evoke

verb
\ i-ˈvōk How to pronounce evoke (audio) \
evoked; evoking

Definition of evoke

transitive verb

1 : to call forth or up: such as
a : to bring to mind or recollection this place evokes memories
b : to cite especially with approval or for support : invoke
c : conjure sense 2a evoke evil spirits
2 : to re-create imaginatively

Keep scrolling for more

Synonyms for evoke

Synonyms

educe, elicit, inspire, raise

Visit the Thesaurus for More 

Choose the Right Synonym for evoke

educe, evoke, elicit, extract, extort mean to draw out something hidden, latent, or reserved. educe implies the bringing out of something potential or latent. educed order out of chaos evoke implies a strong stimulus that arouses an emotion or an interest or recalls an image or memory. a song that evokes warm memories elicit usually implies some effort or skill in drawing forth a response. careful questioning elicited the truth extract implies the use of force or pressure in obtaining answers or information. extracted a confession from him extort suggests a wringing or wresting from one who resists strongly. extorted their cooperation by threatening to inform

evoke or invoke?

Don’t feel bad if you have difficulty remembering the difference between evoke and invoke, as the words are quite similar in many ways and have considerable overlap in meaning. However, the words do differ, and you would not want to substitute one for the other. Invoke is used of putting into effect or calling upon such things as laws, authority, or privilege (“the principal invoked a rule forbidding students from asking questions”). Evoke is primarily used in the sense “to call forth or up” and is often found in connection with such things as memories, emotions, or sympathy.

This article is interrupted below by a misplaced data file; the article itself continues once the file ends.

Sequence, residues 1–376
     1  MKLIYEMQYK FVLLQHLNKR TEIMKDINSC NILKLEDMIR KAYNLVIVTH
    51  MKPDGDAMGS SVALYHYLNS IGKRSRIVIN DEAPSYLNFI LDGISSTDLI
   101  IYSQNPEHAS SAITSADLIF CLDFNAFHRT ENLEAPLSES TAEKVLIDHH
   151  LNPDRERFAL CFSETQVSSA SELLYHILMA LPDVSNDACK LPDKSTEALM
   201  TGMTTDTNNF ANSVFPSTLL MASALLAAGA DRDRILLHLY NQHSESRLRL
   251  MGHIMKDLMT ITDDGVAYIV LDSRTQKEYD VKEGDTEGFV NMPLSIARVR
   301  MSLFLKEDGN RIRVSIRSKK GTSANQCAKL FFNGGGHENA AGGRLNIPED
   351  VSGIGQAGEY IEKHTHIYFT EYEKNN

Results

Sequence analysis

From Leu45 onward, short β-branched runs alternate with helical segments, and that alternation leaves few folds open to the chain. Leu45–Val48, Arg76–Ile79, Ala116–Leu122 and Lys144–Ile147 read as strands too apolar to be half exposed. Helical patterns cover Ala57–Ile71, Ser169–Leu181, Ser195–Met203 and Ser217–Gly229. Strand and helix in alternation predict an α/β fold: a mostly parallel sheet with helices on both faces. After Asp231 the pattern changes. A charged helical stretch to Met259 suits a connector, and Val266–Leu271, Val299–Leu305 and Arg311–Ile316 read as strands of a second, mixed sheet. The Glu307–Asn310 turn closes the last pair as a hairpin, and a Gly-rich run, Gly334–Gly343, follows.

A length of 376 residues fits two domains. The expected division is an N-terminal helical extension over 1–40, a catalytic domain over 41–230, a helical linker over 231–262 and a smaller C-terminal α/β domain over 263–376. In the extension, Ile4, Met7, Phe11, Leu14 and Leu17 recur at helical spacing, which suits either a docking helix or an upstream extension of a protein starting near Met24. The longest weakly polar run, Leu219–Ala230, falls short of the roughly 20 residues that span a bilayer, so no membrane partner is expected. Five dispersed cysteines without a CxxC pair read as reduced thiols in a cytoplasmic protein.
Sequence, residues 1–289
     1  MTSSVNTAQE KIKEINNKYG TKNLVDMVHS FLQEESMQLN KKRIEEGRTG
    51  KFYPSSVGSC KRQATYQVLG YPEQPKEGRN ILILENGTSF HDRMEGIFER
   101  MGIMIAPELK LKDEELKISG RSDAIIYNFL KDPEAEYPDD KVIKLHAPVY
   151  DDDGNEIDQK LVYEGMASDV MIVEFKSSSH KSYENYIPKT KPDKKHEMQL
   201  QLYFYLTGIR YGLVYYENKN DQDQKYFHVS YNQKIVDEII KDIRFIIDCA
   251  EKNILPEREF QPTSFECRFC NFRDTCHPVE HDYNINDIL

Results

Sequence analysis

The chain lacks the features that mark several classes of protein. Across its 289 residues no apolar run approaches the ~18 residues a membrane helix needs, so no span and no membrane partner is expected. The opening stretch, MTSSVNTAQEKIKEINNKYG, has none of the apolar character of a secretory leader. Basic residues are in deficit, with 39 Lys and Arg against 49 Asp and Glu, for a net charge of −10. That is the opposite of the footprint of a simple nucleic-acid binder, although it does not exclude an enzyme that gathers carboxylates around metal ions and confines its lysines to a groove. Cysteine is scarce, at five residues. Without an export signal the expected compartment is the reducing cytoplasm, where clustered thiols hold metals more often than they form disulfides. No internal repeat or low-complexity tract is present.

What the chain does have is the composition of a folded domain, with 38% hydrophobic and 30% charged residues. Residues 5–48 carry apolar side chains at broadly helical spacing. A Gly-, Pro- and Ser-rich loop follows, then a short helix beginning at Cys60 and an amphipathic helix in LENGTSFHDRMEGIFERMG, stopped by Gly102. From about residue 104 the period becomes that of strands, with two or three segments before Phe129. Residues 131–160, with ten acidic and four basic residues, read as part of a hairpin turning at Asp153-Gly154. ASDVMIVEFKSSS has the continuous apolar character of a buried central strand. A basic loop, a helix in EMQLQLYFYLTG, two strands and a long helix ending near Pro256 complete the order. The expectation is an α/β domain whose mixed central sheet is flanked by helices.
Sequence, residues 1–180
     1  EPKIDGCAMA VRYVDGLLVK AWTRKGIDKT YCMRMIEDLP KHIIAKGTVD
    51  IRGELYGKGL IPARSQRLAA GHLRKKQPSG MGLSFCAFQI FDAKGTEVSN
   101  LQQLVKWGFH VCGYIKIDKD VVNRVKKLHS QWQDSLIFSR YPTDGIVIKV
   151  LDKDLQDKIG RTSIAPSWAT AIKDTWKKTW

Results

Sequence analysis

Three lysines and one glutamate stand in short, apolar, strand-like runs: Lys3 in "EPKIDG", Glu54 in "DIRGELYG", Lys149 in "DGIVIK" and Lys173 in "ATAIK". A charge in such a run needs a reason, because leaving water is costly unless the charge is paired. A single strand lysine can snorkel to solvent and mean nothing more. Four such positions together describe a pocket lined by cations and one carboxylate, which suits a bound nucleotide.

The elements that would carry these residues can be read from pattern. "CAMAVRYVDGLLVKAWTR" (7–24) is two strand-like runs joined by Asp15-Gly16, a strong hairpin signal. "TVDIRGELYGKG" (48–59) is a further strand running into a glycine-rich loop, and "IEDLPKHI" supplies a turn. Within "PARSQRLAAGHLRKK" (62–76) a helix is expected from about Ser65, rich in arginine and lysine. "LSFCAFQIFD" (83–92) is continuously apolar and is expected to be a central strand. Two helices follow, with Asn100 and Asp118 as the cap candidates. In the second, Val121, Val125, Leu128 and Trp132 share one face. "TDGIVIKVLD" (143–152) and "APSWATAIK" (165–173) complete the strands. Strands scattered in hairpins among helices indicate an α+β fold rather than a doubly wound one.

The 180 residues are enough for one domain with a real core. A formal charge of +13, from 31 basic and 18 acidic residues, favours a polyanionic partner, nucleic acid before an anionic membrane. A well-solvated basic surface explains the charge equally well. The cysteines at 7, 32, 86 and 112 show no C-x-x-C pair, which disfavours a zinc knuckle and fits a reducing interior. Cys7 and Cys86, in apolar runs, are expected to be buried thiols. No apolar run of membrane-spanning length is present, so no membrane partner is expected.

Examples of evoke in a Sentence

The old house evoked memories of his childhood. His photographs evoke the isolation and solitude of the desert.

Recent Examples on the Web

Saturated, primary colors tend to evoke feelings of stress or high energy. Lucia Tonelli, ELLE Decor, "14 Calming Paint Colors That Will Change the Way You Live," 9 Jan. 2019 The tile floors are custom, made to evoke a pattern Ellis saw in Valencia, Spain. Samantha Weiss Hills, Curbed, "“Every morning, I wake up and notice something new about it”," 3 Dec. 2018 Certain medications like statins (which are used for cholesterol), blood pressure-lowering medications, and opioids are all known to naturally evoke an itchy sensation that’s not necessarily accompanied by any skin lesions. Ratika Gupta, SELF, "An Allergist Explains Why You Might Be Itchy All Over, Even Though You Don’t Have a Rash," 13 Sep. 2018 The old hymn evoked it for more than a century before it was picked up as a song of protest and liberation by the civil rights movement. Alissa Wilkinson, Vox, "What two fictional Gileads can teach us about America in 2018," 12 July 2018 That dollar bill did not make it into the TATC’s exhibition but that display evoked it, as well as a 1987 memory, when Eppie moved her column from the Sun-Times to the Tribune. Rick Kogan, chicagotribune.com, "On the 100th birthday of Ann Landers, a play, a typewriter and a lot of memories," 28 June 2018 Two curveballs ended the at-bat, a strikeout to evoke the same McCullers scream that would punctuate his seventh inning. Chandler Rome, Houston Chronicle, "Lance McCullers thwarts his hometown Rays in Astros' shutout win," 28 June 2018 Even Greektown Casino recently jumped on the trend with the introduction of its Monroe Market, designed to evoke the feel of a modern American food hall despite all the vendors being run by the same operator. Mark Kurlyandchik, Detroit Free Press, "Food halls set out to be the next big thing in Detroit dining," 15 June 2018 Driving home the storytelling focus of Rocknak’s memorial is the nighttime lighting of the figures, which dances on their stony faces so as to evoke a deeply personal fireside discussion. Ryan P. Smith, Smithsonian, "This Innovative Memorial Will Soon Honor Native American Veterans," 11 May 2018